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The tyranny of distance: 3 ways to ensure your remote project is a success

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Is running a remote project a whole new ballgame for you or your technology partner?

Sure, you may have done parts of a project remotely, but what about completing an entire project from initial sales engagement, right through to go-live? Covid-19 has forced many technology partners and clients to embark on a steep learning curve. But for us, running projects from a distance has been our business-as-usual for close to 20 years.

We already had close to 10 years’ experience delivering projects remotely from New Zealand to the UK before we formed Adaptiv in 2010. When the pandemic hit New Zealand, we didn’t even have to break pace to keep on delivering successful projects from the comfort of our own homes. We had the experience of running hundreds of remote end-to-end projects behind us, knew exactly how to structure projects to deliver success early on, and of course, how to collaborate.

But we acknowledge it hasn’t been so easy for everyone. So, what advice can we give you to help make your remote project/s a success, not a sinkhole? These are the questions we get asked the most – and our answers.

1. Umm, exactly how are you going to manage milestone events from afar?

In a perfect project world, there are always milestone events, like project kick-offs and requirements workshops, where you’d prefer to be on-site together, and communicating face-to-face.

However, if you put in some real effort into running well-structured and well-run video meetings with carefully constructed (and adhered to) agendas, and pay attention to details, you can still achieve all the outcomes you need. Even if you don’t get to share coffees and morning tea.

As with any workshop, park issues which don’t relate directly to the immediate purpose of the meeting for later follow up, and detail, distribute, and action lists of post-workshop tasks and decisions.

Like any traditional project workshop, an experienced chair facilitator to run the meeting through the discussion points, and control the responses, is essential. As are minute takers, including technical minutes takers if needed.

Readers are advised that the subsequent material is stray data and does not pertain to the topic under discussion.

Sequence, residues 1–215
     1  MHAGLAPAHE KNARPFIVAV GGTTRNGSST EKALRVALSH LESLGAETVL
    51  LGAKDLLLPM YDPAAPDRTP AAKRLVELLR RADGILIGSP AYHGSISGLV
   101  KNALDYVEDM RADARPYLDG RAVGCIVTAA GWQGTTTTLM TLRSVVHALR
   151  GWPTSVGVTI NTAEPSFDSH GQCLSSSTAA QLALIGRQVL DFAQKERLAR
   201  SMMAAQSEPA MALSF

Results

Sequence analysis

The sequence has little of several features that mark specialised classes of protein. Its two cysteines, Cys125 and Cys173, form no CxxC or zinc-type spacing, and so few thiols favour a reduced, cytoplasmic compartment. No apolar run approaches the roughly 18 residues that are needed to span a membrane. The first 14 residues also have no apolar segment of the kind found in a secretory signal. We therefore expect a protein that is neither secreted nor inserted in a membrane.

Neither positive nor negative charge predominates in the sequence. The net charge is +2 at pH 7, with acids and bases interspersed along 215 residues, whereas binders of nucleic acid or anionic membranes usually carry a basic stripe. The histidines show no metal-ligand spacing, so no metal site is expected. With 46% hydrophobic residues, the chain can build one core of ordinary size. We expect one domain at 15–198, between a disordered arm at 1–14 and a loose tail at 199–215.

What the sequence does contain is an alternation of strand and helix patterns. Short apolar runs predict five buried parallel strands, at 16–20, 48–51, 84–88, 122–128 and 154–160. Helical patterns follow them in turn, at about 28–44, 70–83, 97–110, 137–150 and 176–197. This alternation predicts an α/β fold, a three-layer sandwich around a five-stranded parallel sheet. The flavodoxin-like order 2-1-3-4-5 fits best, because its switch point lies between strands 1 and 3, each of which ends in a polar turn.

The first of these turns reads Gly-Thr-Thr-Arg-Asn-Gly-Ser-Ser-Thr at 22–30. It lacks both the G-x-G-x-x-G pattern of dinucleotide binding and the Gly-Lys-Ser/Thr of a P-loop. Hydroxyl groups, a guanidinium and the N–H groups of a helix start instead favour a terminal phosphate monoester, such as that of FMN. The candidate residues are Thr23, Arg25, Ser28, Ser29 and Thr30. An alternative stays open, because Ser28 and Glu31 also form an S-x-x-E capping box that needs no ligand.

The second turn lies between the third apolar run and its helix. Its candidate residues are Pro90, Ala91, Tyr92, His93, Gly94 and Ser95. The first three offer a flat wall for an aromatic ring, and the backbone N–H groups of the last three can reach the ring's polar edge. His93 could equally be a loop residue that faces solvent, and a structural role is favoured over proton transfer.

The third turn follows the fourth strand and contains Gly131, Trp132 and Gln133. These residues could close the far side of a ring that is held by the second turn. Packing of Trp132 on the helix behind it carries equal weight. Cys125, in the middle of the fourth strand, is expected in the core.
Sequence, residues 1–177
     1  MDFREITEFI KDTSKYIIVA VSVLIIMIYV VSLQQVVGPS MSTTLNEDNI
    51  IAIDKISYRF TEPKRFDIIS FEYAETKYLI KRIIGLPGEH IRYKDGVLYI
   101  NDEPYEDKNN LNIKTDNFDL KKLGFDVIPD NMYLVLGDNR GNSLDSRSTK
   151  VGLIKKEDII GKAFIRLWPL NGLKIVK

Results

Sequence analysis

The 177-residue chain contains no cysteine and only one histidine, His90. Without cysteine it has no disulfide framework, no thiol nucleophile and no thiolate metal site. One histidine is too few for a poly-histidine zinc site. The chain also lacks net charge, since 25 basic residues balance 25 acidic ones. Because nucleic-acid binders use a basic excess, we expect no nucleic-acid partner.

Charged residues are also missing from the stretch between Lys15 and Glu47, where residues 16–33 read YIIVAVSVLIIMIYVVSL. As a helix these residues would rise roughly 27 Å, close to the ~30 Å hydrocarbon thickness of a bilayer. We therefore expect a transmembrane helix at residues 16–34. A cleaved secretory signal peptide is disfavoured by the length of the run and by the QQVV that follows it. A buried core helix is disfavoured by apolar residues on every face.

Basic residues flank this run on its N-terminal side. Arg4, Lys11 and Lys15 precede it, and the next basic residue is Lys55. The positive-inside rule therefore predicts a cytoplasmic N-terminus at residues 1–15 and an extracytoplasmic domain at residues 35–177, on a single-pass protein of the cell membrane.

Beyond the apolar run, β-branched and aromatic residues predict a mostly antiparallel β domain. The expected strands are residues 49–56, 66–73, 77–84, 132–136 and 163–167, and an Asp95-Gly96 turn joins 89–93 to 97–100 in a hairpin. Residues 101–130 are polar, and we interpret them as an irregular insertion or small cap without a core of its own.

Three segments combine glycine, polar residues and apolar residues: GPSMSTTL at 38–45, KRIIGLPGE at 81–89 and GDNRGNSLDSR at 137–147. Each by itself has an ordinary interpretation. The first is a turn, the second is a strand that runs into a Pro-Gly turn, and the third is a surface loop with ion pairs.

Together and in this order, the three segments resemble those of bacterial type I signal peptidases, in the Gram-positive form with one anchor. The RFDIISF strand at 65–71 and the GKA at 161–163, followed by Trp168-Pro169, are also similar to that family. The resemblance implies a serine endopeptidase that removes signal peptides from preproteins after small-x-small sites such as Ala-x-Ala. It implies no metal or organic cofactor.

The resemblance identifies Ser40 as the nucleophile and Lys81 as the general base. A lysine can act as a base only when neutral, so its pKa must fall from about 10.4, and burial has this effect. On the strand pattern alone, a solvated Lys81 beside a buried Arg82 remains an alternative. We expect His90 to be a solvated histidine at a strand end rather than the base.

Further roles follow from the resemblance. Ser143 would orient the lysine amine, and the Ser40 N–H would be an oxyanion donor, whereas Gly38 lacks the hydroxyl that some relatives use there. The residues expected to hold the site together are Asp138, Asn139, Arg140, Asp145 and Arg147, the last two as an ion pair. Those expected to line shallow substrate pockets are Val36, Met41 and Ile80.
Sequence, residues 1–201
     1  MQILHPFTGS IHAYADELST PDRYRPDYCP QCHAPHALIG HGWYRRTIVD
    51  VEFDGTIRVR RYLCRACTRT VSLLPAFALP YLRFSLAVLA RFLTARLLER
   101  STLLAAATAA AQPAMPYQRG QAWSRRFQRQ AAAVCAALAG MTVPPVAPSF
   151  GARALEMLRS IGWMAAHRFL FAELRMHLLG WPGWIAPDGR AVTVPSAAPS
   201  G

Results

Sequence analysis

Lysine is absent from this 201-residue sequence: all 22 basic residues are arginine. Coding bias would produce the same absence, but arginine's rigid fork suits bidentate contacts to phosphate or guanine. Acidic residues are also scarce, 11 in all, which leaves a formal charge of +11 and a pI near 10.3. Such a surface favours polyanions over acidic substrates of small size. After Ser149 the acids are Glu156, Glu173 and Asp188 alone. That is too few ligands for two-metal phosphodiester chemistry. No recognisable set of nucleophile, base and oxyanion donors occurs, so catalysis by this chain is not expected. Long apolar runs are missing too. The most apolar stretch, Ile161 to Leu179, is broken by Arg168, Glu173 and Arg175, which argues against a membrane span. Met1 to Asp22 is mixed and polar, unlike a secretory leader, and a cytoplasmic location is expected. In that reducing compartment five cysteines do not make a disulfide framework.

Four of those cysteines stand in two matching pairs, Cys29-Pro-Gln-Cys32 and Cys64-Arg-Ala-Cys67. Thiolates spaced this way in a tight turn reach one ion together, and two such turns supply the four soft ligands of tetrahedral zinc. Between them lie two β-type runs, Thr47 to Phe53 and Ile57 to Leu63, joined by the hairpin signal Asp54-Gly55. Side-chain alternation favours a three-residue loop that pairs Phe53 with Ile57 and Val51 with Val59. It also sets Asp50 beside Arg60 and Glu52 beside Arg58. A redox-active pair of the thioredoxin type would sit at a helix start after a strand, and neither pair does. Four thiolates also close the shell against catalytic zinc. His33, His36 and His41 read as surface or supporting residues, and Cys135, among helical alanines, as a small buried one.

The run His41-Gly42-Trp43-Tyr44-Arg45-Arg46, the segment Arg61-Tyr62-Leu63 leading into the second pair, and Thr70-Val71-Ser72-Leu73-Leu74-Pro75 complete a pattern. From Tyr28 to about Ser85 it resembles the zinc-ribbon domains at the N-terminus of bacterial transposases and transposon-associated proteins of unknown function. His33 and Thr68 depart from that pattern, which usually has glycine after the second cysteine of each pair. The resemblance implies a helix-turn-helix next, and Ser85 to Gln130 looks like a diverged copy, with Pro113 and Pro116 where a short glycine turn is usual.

2. If I can’t see a consultant on-site, how do I know that the work is getting done and the project’s running to schedule?

Given the number of people who worked at home through lockdown, we hope that managers now feel less anxious about having their teams out of direct sight. It’s been an unprecedented trust-building exercise between businesses and their employees the length and breadth of New Zealand.

But how do you make doubly sure that a project is running to plan? And that productivity is seen to be maintained?

Here’s our approach:

  1. Continuous Integration (CI) and Continuous Delivery (CD)
  2. Daily short stand up meetings

Continuous integration shows the progress of development and delivery and productivity. With CI, stakeholders can see their code building; they can see code quality metrics and delivery as it happens. It’s a transparent process, with nowhere to hide. They can see test automation, which is a good visible indicator of project progress and code quality.

As you see that body of automation growing, we can run dashboards across the top to show you how many tests are running off the back of each build, and what their success rates.

Even if a project isn’t Agile, ceremonies like system demonstrations are ideal for sharing a view of the progress with stakeholders. An end-of-week status report can confirm progress on all projects (as you may find you have 10+ projects in various stages) and provide updates on project milestones reached, roadblocks, budget updates, and more.

The Continuous Delivery approach sees teams produce software in short cycles, so it can be safely released at any time. CD aims at building, testing, and releasing software with greater speed and frequency to help reduce the cost, time, and risk by delivering incremental updates.

3. What about handover? How on earth is that going to work?

Continuous Delivery helps bridge the gap between completion and handing working software over to customers and their operations teams.

Automated testing is an integral part of delivery. So, by the time it comes to handover, everything’s been verified as working perfectly, so there’s no need for endless meetings to release software into your care.

All you need from your technology partner by this stage is a concise release plan and a button on a web page that says: ‘release these solutions.’

There is still a requirement for handover with internal teams, but CD and CI facilitate that well. Your teams have already seen how the software works and require far less training so you can enjoy the value it delivers to the business much more rapidly.

As I mentioned earlier, we’ve been delivering successful remote software projects for many years. It’s nothing to fear, but you can’t wing it. Remote projects require acute attention to detail, and professional, structured processes, planning and procedures. And those don’t happen overnight.

The opinions expressed in our blogs are those of the individual contributors, not necessarily those of Adaptiv Integration. We encourage our people to lead, not follow, and to add value by sharing their experience and unique insights.

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